Chikungunya is a mosquito-borne disease that cause fever and joint pain.  The disease is only transmitted through mosquito bites, due to the Aedes albopictus, an aggressive specie of mosquito that can bear several diseases. Discovered in Tasmania in 1953, the word chikungunya comes from the Makonde language, meaning “which bends up”, to refer to the symptoms of this disease. 
Which areas are the most touched?
Southern countries with a sub-tropical climate tend to gather more reports but the Aedes albopictus, or tiger mosquito has benefited from human activities and has globally expanded thanks to the numerous trades. The Aedes albopictus is now considered as one of the most globally invasive species .
The first cases of Chikungunya virus in Europe were declared in 2007 with the arrival of the mosquito in Italy and South of France. It later spread to America though the Antilla and Caribbean islands. In 2016, more than a hundred countries and territories were reported as having at least one case of virus transmission. You can see on the map provided by the Center for Diseases Control and Prevention the countries and territories where chikungunya cases have been reported [1,4].
Why is it dangerous?
Chikungunya virus is transmitted through mosquito-bites, by transfer of the blood properties. The disease's symptoms only begin 3-7 days after being bitten by an infected mosquito so it is difficult to determine immediately if someone is sick and thus to prevent the spreading of the disease. 
The symptoms are usually fever, joint pain, headache, muscle pain, joint swelling or rash. Although not deadly, the symptoms can last for an extended period, being months or years and result in constant joint pain and disabilities. If the immune system of the patient is weak, like older adults, new-borns or people with some medical conditions, can suffer severe complication that may lead to permanent disabilities.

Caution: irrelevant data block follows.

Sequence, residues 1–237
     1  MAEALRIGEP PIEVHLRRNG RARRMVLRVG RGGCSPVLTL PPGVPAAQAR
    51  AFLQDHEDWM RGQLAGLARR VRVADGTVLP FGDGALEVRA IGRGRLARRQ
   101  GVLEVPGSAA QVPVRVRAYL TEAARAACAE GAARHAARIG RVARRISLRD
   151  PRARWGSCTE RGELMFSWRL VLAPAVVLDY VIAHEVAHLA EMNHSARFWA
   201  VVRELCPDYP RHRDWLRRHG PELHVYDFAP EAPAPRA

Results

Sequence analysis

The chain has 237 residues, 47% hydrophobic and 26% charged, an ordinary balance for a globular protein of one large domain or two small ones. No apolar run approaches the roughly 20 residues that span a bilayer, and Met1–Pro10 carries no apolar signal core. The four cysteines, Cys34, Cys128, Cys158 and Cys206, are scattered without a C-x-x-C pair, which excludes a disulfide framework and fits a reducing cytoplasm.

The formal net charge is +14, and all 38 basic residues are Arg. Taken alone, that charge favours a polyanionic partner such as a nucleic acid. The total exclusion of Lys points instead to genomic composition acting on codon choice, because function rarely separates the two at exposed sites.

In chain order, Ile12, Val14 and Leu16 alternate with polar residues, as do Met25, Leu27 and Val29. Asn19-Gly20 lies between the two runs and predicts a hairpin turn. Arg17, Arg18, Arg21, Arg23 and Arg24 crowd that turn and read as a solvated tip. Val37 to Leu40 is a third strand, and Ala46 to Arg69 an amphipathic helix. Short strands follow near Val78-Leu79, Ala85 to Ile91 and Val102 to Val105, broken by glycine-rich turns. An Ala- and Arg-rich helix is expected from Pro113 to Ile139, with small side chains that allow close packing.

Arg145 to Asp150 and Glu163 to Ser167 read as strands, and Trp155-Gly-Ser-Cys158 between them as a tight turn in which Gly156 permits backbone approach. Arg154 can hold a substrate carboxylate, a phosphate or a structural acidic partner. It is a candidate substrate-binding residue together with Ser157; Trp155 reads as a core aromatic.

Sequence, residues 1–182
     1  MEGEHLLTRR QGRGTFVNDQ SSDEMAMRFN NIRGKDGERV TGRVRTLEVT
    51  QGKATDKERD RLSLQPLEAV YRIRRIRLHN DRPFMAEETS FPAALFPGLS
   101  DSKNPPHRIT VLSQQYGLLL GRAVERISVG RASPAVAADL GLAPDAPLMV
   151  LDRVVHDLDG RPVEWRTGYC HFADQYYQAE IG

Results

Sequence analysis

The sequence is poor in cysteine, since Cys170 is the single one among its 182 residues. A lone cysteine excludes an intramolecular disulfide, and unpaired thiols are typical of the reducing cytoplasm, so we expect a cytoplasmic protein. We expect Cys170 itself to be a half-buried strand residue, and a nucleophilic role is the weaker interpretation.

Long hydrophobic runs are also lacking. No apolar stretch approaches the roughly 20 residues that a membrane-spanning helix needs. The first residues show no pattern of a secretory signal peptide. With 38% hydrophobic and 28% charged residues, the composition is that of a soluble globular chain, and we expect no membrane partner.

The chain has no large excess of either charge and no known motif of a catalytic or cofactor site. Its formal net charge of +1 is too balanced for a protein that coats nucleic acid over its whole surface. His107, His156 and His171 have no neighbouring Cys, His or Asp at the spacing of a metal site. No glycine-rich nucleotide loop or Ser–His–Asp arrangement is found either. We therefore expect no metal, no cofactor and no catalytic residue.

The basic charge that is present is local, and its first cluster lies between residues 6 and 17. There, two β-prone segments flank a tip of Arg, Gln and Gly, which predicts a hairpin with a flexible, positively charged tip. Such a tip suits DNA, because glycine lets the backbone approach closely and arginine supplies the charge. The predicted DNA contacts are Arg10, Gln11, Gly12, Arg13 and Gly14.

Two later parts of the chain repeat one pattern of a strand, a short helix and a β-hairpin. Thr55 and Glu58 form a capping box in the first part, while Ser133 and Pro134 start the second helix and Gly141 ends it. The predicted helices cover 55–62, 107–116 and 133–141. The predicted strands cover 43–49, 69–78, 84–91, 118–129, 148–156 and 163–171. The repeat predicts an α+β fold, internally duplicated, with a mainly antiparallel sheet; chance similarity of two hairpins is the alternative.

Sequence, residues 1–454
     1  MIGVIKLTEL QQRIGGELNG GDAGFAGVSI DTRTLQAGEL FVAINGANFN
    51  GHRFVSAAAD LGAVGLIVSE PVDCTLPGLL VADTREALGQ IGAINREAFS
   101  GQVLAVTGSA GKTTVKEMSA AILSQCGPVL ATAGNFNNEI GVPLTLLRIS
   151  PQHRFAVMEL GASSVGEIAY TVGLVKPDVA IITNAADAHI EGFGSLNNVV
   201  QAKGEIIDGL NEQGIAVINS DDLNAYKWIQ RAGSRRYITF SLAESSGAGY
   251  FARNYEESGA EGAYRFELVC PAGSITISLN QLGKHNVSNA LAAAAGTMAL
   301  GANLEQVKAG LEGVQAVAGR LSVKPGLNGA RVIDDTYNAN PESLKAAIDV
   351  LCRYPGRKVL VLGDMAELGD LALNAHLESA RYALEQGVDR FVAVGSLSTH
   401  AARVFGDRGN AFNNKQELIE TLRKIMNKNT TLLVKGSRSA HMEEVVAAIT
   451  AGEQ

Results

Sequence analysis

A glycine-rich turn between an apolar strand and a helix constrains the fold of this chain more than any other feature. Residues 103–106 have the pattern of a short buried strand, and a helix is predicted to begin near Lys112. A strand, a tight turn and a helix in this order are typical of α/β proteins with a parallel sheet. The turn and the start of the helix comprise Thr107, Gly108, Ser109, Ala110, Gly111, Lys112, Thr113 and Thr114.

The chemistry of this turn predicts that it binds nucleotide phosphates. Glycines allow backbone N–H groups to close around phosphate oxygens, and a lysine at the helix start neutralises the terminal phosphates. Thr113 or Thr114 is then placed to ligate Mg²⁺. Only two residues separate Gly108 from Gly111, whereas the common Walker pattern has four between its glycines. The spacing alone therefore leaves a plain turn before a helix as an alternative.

The symptoms are similar to some other mosquito-borne diseases, dengue and Zika viruses.  Seek medical advice if you face these symptoms. The tiger mosquito can bear both diseases too so mosquito bites should be avoided in dangerous areas. Furthermore, the mosquito is constantly genetically evolving to counter human prevention.
Can it be treated?
As of today, no vaccines have been found against this disease so the best way to treat chikungunya virus is by preventing it.  The patient must be protected from further mosquito biting in order to prevent further spreading of the disease.
Avoid getting bitten by applying an effective and non-toxic mosquito repellent with a full coverage and avoid areas with a high risk of mosquito-borne diseases, especially without any protection such as protective clothing (long sleeves, pants) and mosquito nets. The hot and wet area tend to shelter more mosquitoes and the Aedes albopictus are spreading towards more countries so be careful when travelling!
1. “Chikungunya Virus”, Center for Diseases Control and Prevention, accessed January 15,2018 https://www.cdc.gov/chikungunya/
2. “Aedes albopictus – Factsheets for experts”, European Centre for Disease Prevention and Control, accessed January 15, 2018, https://ecdc.europa.eu/en/disease-vectors/facts/mosquito-factsheets/aedes-albopictus
3. “Chikungunya Fever”, Centre for Health Protection, accessed January 15 2018, https://www.chp.gov.hk/en/healthtopics/content/24/6122.html